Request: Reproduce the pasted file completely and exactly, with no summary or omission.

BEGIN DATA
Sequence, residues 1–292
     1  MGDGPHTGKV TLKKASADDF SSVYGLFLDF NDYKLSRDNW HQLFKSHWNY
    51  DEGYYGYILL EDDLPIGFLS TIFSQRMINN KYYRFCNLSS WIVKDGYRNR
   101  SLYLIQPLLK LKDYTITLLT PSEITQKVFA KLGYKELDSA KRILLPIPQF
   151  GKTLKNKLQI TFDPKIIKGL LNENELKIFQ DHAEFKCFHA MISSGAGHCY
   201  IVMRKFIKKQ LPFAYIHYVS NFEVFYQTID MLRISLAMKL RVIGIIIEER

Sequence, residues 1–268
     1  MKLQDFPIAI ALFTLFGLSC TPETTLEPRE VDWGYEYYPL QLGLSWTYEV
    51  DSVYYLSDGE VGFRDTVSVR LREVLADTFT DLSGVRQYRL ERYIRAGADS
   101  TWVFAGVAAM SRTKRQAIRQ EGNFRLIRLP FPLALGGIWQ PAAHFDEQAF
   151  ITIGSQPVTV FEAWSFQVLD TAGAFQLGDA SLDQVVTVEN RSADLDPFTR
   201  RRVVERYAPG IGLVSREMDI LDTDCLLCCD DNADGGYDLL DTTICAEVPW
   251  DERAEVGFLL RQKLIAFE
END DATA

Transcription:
Sequence, residues 1–292
     1  MGDGPHTGKV TLKKASADDF SSVYGLFLDF NDYKLSRDNW HQLFKSHWNY
    51  DEGYYGYILL EDDLPIGFLS TIFSQRMINN KYYRFCNLSS WIVKDGYRNR
   101  SLYLIQPLLK LKDYTITLLT PSEITQKVFA KLGYKELDSA KRILLPIPQF
   151  GKTLKNKLQI TFDPKIIKGL LNENELKIFQ DHAEFKCFHA MISSGAGHCY
   201  IVMRKFIKKQ LPFAYIHYVS NFEVFYQTID MLRISLAMKL RVIGIIIEER

Sequence, residues 1–268
     1  MKLQDFPIAI ALFTLFGLSC TPETTLEPRE VDWGYEYYPL QLGLSWTYEV
    51  DSVYYLSDGE VGFRDTVSVR LREVLADTFT DLSGVRQYRL ERYIRAGADS
   101  TWVFAGVAAM SRTKRQAIRQ EGNFRLIRLP FPLALGGIWQ PAAHFDEQAF
   151  ITIGSQPVTV FEAWSFQVLD TAGAFQLGDA SLDQVVTVEN RSADLDPFTR
   201  RRVVERYAPG IGLVSREMDI LDTDCLLCCD DNADGGYDLL DTTICAEVPW
   251  DERAEVGFLL RQKLIAFE